Saturday, November 20, 2010
Roche Watch: 'Hit" with Operations Excellence--or What?
Roche reported this week that it will cut 4,800 jobs over two years, mostly in the U.S. to help save $2.4 billion by 2012. Sites specifically “hit” were listed as: Florence, SC; Boulder, CO; Nutley, NJ; Madison, WI; Vacaville, CA; and Oceanside, CA.
“Hit” with what?
According to reports, these locations will be “hit” the hardest by Roche’s “Operational Excellence.”1
So we, the readers, are to conclude that Roche conducted a thorough evaluation of its operations and determined that they will be able to operate in a more excellent manner after cutting 6% of its global workforce.
We are led to believe that by using the tools of quality to analyze waste and unwanted variation; by performing value stream analyses, redundant and unnecessary steps are being removed; that each initiative has been carefully assessed and will be verified to ensure the goal was achieved—and, by the way—all the requirements have been met.
In my experience, downsizing, restructuring, vertical integration—or being operationally execellenced—isn’t quite that disciplined. Typically, each operating division is given a reduction quota, which in turn is divvied across its operating departments.
It is top down, not bottom up.
There is no ground swell of quality excellence initiatives that perk up to the top causing executives to glean them across the organization and declare a savings for the greater good of the company, shareholders and patients. There’s nothing DMAIC about it.
In reality, area managers sweat how they are going to be a team player and turn in their layoff list to the boss and still operate their departments. After all, the workload really hasn’t changed. It’s a fight for survival, a fight to save your own job.
I have no insider information as to how Roche really went about determining who to let go, or if they consciously studied the impact to the organization other that the short-term financials. I sure hope they did.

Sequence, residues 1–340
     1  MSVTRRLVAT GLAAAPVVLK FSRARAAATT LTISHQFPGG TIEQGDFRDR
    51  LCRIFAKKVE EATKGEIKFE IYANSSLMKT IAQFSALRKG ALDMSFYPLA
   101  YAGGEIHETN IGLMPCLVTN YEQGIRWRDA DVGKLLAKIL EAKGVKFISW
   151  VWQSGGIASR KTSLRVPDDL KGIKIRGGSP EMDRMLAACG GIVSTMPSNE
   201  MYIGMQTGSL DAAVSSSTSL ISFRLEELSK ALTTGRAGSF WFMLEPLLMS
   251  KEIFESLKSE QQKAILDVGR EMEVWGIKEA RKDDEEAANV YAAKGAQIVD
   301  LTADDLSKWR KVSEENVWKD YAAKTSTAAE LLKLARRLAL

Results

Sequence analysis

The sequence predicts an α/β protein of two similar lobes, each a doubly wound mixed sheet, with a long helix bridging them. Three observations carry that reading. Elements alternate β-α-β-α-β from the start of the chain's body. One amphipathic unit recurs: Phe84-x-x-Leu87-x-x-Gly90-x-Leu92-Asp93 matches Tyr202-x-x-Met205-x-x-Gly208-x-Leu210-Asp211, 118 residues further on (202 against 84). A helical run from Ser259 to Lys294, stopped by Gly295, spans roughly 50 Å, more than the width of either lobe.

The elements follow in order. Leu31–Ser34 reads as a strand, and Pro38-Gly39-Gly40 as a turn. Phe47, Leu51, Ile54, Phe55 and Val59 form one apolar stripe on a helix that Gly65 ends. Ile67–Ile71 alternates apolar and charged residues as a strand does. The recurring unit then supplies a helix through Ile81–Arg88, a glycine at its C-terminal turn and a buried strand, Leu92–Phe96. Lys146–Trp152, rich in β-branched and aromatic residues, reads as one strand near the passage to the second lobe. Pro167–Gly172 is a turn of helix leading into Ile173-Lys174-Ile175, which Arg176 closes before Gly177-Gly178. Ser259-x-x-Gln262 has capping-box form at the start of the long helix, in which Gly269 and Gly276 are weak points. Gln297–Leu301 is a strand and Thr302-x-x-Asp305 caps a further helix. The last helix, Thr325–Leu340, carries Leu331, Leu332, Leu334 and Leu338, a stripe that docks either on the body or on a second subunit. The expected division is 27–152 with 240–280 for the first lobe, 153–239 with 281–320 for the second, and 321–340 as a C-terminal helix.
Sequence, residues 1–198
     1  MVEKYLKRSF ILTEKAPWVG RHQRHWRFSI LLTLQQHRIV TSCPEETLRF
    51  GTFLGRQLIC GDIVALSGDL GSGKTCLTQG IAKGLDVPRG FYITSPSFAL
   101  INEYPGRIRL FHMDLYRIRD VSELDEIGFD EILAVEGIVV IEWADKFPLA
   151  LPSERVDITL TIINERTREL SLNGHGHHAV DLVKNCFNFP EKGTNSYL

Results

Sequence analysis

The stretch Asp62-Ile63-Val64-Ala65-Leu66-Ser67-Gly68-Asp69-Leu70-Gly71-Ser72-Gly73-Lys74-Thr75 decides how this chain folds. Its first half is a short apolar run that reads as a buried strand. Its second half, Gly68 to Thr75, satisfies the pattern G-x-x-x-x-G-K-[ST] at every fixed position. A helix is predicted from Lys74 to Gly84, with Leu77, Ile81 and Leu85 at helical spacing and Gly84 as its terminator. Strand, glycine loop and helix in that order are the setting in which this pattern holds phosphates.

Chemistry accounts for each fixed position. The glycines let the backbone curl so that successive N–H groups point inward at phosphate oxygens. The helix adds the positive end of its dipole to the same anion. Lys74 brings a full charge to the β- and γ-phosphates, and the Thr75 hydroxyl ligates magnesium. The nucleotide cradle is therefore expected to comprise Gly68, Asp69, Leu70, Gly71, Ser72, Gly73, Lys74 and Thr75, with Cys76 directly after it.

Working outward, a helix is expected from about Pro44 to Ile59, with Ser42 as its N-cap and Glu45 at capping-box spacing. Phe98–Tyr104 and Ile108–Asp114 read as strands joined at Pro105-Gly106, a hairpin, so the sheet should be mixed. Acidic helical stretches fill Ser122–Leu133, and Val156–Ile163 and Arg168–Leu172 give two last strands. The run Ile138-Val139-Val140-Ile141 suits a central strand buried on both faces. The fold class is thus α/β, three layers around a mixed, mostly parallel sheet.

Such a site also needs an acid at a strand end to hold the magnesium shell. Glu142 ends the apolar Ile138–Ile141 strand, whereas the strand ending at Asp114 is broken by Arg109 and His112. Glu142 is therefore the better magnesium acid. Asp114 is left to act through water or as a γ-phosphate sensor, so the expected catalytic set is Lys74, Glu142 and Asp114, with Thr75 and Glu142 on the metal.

STOP THE PRESSES—STOP THE PRESSES—THIS JUST IN
Now, according to reports, Roche CEO Severin Schwan has been telling investors that the company will have to downsize because of healthcare reform.2
So, which is it? Operations Excellence, or reaction to healthcare reform?
Anyone who follows me for long knows that I am not a huge OpEx fan. Not because of the ideals and methodology, but because (1) it is strategically and chronically misused in the pharma industry, (2) it is a misunderstood substitute for the regulatory-required quality assurance and quality management system, (3) black belt plebes overreach their product, process and regulatory knowledge, and (4) it is often a precursor to systemic FDA regulatory compliance problems—due to all of the above.
However, I am now coming to the defense of Operations Excellence. (No, really.)
I would strenuously object to having my process improvement program being identified as the means by which opportunities for workforce reduction were identified. That gives the company far too much credit for taking any sort of disciplined approach that will benefit the customer—the patient.
Didn’t we read about Johnson and Johnson’s “restructuring” in 2009? 3 Now, fast forward to the current quality and regulatory compliance problems at McNeil and the 2nd Euro Lean Sigma and Kaizen for Life Sciences conference in Berlin this past September where McNeil’s Director of Process Excellence gave a featured presentation entitled Case Study: McNeil’s Approach to Lean Implementation and Strategy Development for Roll-Out? (See QAPharm 6/19/10.)
The Quality Management System (QMS) is like an ecosystem. There are interdependencies. One change affects the others. The QMS is more than words in a set of standard operating procedures. (See The QA Pharm 7/30/10.)
I will be the first to say that there are always opportunities to make the QMS more efficient. But there are regulations that must be satisfied to ensure that changes do not affect the state of control of the operation and negatively impact product quality and the conditions under which the product was approved. And rarely, if ever, does a pharmaceutical firm consciously evaluate the cost-and-effect of a major workforce reduction on the state of control.
Layoffs are mandated. You fall in line. And when the CGMP compliance wheels fall off the cart, you are not to mention the effect of the workforce reduction as a root cause or contributing factor during deviation investigations.
Fast forward to about 2015. What will we have heard about Roche product quality from the patients’ perspective? I really and truly wish them all the best, because I am all about the patient.
However, Roche is going on “The QA Pharm FDA Compliance Watch List.”
The QA Pharm
1 Frank Jordans, Associated Press, Drugmaker Roche will cut 4,800 jobs, mostly in U.S., 11/17/10.
2 Jim Edwards, BNET.com, Why Roche’s CEO is wrong to blame Obamacare for 4,800 Layoffs, 11/17/10.
3 Tracy Staton, FiercePharma, J&J restructuring claims up to 8,000 jobs, 11/3/09.